With the nation’s Latino population booming and now the country’s largest minority group, the Obama administration’s top Hispanic official is concerned that the federal government is not giving enough attention to Hispanic history and culture.
Interior Secretary Ken Salazar in the past year has pushed the National Park Service to identify more sites or properties related to the histories of women and minorities that could be added to the National Register of Historic Places or be preserved as national parks or historic landmarks.
“Less than 3 percent of all the national landmarks that we have — the highest designation you can receive as a historic landmark — are designated for women, Latinos, African Americans or other members of minority groups,” Salazar said in a meeting with reporters last week. “That tells you that the score is not even.”
The secretary’s concerns will be one of several issues discussed at White House meetings on Latino heritage scheduled for Wednesday. The meetings, set to bring together a who’s who of Latino business, political, religious and entertainment leaders, are slated to focus on whether the government is properly serving Hispanic students, small business owners, military veterans and artists.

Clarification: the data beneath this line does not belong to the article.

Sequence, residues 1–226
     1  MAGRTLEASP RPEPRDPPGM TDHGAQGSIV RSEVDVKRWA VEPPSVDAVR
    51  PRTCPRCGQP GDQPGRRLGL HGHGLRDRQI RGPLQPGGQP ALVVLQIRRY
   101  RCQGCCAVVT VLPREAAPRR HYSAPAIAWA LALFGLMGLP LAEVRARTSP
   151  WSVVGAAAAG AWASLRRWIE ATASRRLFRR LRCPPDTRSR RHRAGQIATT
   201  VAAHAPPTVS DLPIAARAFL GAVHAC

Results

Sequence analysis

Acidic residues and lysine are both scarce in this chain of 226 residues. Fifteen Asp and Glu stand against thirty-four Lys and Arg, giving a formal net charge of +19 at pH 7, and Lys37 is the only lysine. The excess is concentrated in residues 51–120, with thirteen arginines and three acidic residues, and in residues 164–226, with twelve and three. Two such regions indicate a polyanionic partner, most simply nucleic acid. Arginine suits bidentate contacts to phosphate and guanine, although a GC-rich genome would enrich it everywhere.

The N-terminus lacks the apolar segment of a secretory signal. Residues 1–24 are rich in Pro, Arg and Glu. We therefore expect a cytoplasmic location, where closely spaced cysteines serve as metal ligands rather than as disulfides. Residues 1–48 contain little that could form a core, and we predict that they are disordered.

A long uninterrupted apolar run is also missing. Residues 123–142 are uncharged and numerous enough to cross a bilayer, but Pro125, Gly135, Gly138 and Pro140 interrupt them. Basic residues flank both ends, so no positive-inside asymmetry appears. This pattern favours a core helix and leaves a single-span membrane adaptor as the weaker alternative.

The meetings, held in the closing days of Hispanic Heritage Month, come as both President Obama’s reelection campaign and Republican presidential contenders are reaching out to Latino voters. Obama administration officials are meeting regularly with hundreds of Latino leaders in hopes of rekindling excitement among Hispanic voters, while Republicans and conservative activists are preparing a series of Spanish-language radio and television ads blasting Obama’s record.
But Salazar said the White House-sponsored meetings have nothing to do with electoral politics — and are instead designed to improve the country’s poor preservation of Hispanic history and culture.
“I think when you look at the way Americans most understand the history of Latinos in this country, a lot of it is being told now through the lens of what’s happening with the immigration debate,” Salazar said last week at a meeting hosted by the Christian Science Monitor. “While that’s an important debate that has security and moral implications, in my view, there’s also a huge history of Latinos in the United States that’s never been told.”
Salazar, who oversees the National Park Service, in June ordered a national study of people and places worthy of national historic preservation. He said he has also met with Park Service rangers in California to try to identify Latino-themed sites in the state.
One location, the “Forty Acres” site used by labor activist Cesar Chavez in the 1960s to raise awareness about the plight of migrant farm workers, earned national historic landmark status in February. The agency is asking the public to weigh in on other sites that could be used to commemorate Chavez’s legacy.
The most ambitious attempt to date to memorialize Latino history will come with construction of the National Museum of the American Latino, whose planning commission is pushing to build on a site near the U.S. Capitol. The project would cost about $600 million and be financed with a mix of private and federal dollars.